Best Of :: People & Places
Sometimes referred to as the Flower Man, Cleveland Turner is a former drunk who slipped the grip of booze by promising God he'd dedicate his life as a sober man to creating a place of uncommon beauty. God must have held him to the vow, because Turner's home and yard in the Third Ward are a cacophony of flowers, fruit trees and vegetable plants, discarded musical instruments and scavenged oddities that, when considered in sum, constitute one of the city's most engaging folk-art displays. Earlier this year, though, the city's public works and legal departments threatened to fine Turner for encroaching on the sidewalk and drainage ditches in front of his house. Turner made another promise: He'd "rot in jail" before he'd alter his artistic vision to appease a small group of philistines from City Hall. While pressure from neighbors and folk-art enthusiasts, who say Turner's creations are one-of-a-kind, tempered the city's position, the Flower Man was forced to make a few concessions. With cookie-cutter developers ferociously altering the character of inner-city neighborhoods like the Third Ward, it's appropriate to wonder how much longer something so far from mainstream sensibility will survive. Our advice is to see Cleveland Turner's house while you can.READERS' CHOICE: Tie: NASA/ Kemah Boardwalk
Tucked in the armpit of West U, Bellaire and the railroad tracks, Little Woodrow's seems out of place and time. Few of the mostly working-class regulars who frequent the area's only neighborhood bar live in the monstrosities that have sprouted in the adjoining neighborhoods, displacing the modest middle-class ranch-styles. But those regulars are fiercely loyal, thanks in no small part to Betty Campbell, bar manager since forever. Betty knows her customers so well that she recognizes many of their cars; by the time they enter the place and belly up, their brand of choice is already waiting on the bar. The crowd likes to drink, but disturbances are almost nonexistent, also in no small part because any transgressors would have to deal with Betty (as a few permanently banned customers have discovered). And if you need to vent about life's dirty deals, Betty (who has heard enough whining to board-certify in clinical psychology) fits the bill.
On June 16, the New Black Panthers had every right to be pissed. They'd dressed all in eye-catching black. They arrived at the state GOP convention in Houston in a rare Hummer limousine. And most of them came to the protest party armed with all manner of menacing weapons: rifles, shotguns and an AK-47 or two. They were hunting, all right -- hunting for attention. And that kind of preparation ought to attract ample publicity. Instead, it was A.J. McClure, a 71-year-old nobody Republican delegate from Kaufman County, who grabbed the limelight. What started as a verbal confrontation with the Panthers ended when he either fell or was pushed by a member of the militant entourage. For the next few days, the battles sifted to state legislators and city councilmembers and police and a mayor all arguing over the charge and actions -- or inactivity -- of the police. Meanwhile, McClure's tumble took him, or at least the footage of him going to the mat, onto the national network stage. Stories that touched on the incident totaled more than 2,000 words in the Houston Chronicle and on the Associated Press wire. Yep. It was a prime-time dive. Lots of old-timers may go headlong -- A.J. went headline.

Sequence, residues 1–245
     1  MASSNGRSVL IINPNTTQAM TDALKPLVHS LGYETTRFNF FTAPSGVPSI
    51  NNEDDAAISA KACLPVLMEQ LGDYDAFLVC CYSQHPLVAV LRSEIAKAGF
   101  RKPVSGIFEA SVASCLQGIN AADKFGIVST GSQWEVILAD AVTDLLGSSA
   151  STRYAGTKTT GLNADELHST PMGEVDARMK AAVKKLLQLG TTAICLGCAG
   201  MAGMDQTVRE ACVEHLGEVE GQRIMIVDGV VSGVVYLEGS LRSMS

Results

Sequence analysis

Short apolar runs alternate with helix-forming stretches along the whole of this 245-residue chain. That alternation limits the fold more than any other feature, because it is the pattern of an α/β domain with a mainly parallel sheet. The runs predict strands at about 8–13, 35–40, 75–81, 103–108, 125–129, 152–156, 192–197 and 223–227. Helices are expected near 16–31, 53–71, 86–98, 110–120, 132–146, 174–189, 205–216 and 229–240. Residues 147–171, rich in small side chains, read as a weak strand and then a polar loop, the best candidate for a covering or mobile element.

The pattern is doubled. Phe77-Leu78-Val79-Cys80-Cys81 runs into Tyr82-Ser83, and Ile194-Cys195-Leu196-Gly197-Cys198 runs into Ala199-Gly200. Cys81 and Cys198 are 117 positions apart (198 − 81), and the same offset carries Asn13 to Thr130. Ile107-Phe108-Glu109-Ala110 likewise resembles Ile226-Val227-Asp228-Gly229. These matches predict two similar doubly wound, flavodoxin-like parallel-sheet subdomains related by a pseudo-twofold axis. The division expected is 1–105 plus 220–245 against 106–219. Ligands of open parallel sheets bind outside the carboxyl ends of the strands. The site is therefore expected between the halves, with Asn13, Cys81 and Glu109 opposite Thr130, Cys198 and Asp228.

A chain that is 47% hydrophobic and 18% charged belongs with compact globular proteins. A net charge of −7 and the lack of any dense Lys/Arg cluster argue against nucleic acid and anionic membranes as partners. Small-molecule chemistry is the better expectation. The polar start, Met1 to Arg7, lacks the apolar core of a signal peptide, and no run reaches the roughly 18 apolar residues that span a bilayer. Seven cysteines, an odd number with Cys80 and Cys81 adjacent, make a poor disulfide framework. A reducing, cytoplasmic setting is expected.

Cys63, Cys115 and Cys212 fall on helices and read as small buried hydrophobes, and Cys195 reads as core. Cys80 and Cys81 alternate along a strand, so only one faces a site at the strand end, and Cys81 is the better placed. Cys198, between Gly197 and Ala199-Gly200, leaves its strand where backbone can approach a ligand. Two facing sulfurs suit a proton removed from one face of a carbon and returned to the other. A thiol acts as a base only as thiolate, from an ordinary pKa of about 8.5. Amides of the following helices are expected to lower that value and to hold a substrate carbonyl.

Just another example of how overrated pop music songcraft is. Since a catchy five- or ten-second hook is usually described as genius, the little bit of pop profundity known as the Mossy Nissan commercial jingle also deserves as glowing a description. Over a snappy beat, a male voice sings the name of the dealership over and over. "Mos-sey Neeee-sahhhhn / Mos-sey Neeee-sahhhn / Whoooooooo!" Okay, so the lyrics aren't as deep as, say, "Oh, baby, baby," but they do roll easily off the tongue. The jingle is the brainchild of L.A.-based A&M Advertising.
Europeans may build great cathedrals, but Americans have a genius for bathrooms. At Prague, the WC marries old-world elegance with Yankee utilitarianism. When nature's irrepressible call rises above the club's techno beat, you can drift down to this swank unisex chamber of flickering candles, period furniture and a full-service bar to answer. The style might be described as bathroom baroque. A dripping chandelier throws just enough light to reveal the glinting accessories of nubile fashionistas and their well-groomed mates. The music keeps a respectful distance, allowing one to clear one's mind and bladder in one of 12 stalls set tastefully behind black doors. Roughly the size of a confessional, these immaculate stalls seem designed for a religious experience of one sort or another.
Maybe these are just the moments that downtown finally arrives. Party on the Plaza is in full swing. So is its dynamic corner of the central city, with Bayou Place beckoning the masses across the street. And there, on the magnificent grounds that serve as the front entrance to the Wortham Theater Center, are scores of motorcycles at rest in neatly lined rows. The bikers rumble in to party at the plaza, and what better place to park 'em than on off-nights at the Wortham. All the nightlife available isn't going to be enough if downtown can't loosen up a little. On these evenings, it shows off its finest colors: Electra Glides in blue.